Armacor vs. SuperFabric

Discussion in 'Equipment' started by MrFurious, Dec 9, 2011.

  1. cblais19

    cblais19 Long timer

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    There's no such thing as a "standard" GorePro - there's a whole bunch of different deniers of fabric they offer; everything from 60d for the Outdoors world on up to whatever the Armacor is (at least 600d). "4s" of abrasion resistance is way more then pretty much every other reinforcement textile out there, although that IS the superfabric patch as an overlay + the standard fabric underneath. Standard 500d cordura evaporates <0.5s in Motocap testing. 1680d "balllistic nylon" overlays don't make it to 2. Of the textiles they've tested so far, the strongest single layer one as far as I know is the S1 fabric Dainese uses.
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  2. Valentino

    Valentino Been here awhile

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    Insightful video! The guy crashed at low speed, yet his $2000 suit holed in several places. I wouldn't be happy with my purchase, and God knows how this suit would fare in a higher speed crash.

    His Badlands pants shredded! It was the Forma boot that saved his lower leg. He lauds his Klim gloves for remaining intact – but they didn't touch the ground because he kept hold of the bars.

    Me too. Next time – finances permitting! – I'm going to check out Hideout Hi-Pro or Hideout System Concept gear.

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  3. cblais19

    cblais19 Long timer

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    It holed exactly where you'd expect - directly in the impact zone where the weight of his body ground it into the pavement (the shoulder), and the pants (which are a single layer of ~500d cordura outside of the reinforcement areas) where the hard parts on his boots ground them into pavement as well. THe guy in the video sent in his accident report to Klim and got replacement gear free of charge per their guarantee.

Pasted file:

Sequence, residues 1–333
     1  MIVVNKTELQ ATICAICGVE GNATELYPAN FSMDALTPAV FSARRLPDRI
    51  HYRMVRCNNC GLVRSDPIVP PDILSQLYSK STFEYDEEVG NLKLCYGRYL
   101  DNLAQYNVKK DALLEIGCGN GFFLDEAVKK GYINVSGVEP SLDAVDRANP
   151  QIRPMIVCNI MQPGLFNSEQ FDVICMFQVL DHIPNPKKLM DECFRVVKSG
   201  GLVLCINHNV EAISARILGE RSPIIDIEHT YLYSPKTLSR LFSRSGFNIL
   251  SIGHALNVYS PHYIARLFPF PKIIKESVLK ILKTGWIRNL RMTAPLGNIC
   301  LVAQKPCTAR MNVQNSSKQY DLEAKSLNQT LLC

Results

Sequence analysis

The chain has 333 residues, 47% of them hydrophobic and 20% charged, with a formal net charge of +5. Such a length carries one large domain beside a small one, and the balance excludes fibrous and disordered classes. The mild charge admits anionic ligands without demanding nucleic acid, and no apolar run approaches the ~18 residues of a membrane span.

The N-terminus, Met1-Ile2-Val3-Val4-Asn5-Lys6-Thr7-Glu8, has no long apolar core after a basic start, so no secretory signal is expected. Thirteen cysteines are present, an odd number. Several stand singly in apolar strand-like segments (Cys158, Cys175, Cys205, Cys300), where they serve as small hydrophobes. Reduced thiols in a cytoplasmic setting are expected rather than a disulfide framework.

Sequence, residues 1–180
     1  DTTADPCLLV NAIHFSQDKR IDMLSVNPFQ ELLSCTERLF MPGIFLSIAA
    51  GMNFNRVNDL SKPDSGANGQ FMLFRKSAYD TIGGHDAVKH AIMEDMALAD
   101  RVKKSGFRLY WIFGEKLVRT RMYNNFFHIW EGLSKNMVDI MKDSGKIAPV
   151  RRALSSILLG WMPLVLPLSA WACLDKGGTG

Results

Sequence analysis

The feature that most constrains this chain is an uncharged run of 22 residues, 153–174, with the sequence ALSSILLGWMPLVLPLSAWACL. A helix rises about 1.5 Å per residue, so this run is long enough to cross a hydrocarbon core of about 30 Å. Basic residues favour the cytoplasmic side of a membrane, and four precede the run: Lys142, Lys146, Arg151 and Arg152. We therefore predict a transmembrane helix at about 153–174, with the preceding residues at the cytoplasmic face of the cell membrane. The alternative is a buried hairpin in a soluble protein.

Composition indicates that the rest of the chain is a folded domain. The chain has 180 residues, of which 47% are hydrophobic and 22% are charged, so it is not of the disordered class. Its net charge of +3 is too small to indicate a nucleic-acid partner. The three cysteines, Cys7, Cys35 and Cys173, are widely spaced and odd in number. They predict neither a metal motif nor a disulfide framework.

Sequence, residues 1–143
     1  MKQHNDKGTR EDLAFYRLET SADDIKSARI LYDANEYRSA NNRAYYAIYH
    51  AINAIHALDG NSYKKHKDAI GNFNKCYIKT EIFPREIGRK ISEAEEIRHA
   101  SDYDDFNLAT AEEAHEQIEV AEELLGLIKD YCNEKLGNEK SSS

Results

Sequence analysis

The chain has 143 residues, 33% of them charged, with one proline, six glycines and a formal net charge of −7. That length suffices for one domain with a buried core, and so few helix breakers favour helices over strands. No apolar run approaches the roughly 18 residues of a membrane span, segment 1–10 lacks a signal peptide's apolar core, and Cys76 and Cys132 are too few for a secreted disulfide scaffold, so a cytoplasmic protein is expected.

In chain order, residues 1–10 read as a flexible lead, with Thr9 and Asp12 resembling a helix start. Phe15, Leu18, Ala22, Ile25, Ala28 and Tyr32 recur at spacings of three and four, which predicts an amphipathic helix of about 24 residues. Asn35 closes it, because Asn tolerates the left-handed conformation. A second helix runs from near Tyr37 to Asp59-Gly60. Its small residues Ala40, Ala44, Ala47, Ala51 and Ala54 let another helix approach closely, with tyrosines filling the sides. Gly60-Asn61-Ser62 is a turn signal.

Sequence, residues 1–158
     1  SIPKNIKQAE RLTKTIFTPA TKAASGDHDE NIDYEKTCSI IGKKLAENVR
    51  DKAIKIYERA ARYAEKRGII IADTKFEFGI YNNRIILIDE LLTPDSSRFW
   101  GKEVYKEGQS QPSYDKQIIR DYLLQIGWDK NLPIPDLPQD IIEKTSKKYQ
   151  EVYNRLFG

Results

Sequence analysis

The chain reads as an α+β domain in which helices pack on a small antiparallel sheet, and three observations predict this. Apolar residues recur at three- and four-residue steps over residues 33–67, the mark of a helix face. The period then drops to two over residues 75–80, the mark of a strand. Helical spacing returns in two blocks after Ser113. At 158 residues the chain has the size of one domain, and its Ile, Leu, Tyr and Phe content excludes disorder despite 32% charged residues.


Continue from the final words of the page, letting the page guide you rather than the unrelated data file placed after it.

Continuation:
Hideout's waterproof stuff isn't nearly as well suited to American climate variability - and at the end of the day, staying mentally sharp because of good temperature regulation is going to be a much greater contributor to safety then having layers of aramid fibers behind a textile area. If you're a european that rarely sees the thermostat hit 30c, have at it.
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  4. Valentino

    Valentino Been here awhile

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    While I agree about the Klim stuff holing where you'd expect it, I'd be unhappy about a $2000 suit shredding :2cry in a low-speed crash.

    It doesn't fill me with confidence about Superfabric :hmmmmm but I think Klim isn't alone. I've seen a Rukka suit shredded in a low-speed crash, and its Armacor didn't fare any better than Superfabric. Would leather overlays be better? Doesn't the Klim Kodiac have leather overlays on the shoulders and elbows?

    I think Kilm deserves huge credit for replacing the suit under their crash warranty :thumb

    Hideout isn't suited to the US market because the company specializes in bespoke gear, and you need to be able to visit Hideout for this service. However – having visited Hideout myself – I know they can make gear for tremendous variability in climate. You merely specify what ventilation etc you wish. I realize this doesn't help fellow riders in the US :-) but it does show what's possible.
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  5. tillda

    tillda Adventurer

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    Do you by any means remember in what MotoCap test this was?
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  6. cblais19

    cblais19 Long timer

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    The Ducati leather jacket - it’s a Dainese product.
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  7. Peanut_Buttery

    Peanut_Buttery Been here awhile

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    The Ducati jacket (by Dainese) and the Dainese Fighter jacket use the same leather (DSkin 2.0) and materials (S1). Yet the Fighter jacket gets significantly lower scores for abrasion resistance:
    Why could this difference be?
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  8. tillda

    tillda Adventurer

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    I see. But these are leather jackets. That's not such a surprise even without any reinforcing materials.
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  9. cblais19

    cblais19 Long timer

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    The elastic fabric panels in top end leather jackets are probably some of the best textiles around, and that's what we're talking. You'll note that the house-branded stretch nylons and polyesters in RST/A* test much much better then most "reinforcement zones" on many of the textile jackets.

    @Peanut_Buttery I noticed that as well, and I kind of wondered if Dainese is using different materials under the same name of S1/ArrowFK? On the leather side, it might also be different thicknesses (1.1 - 1.3m) being selected.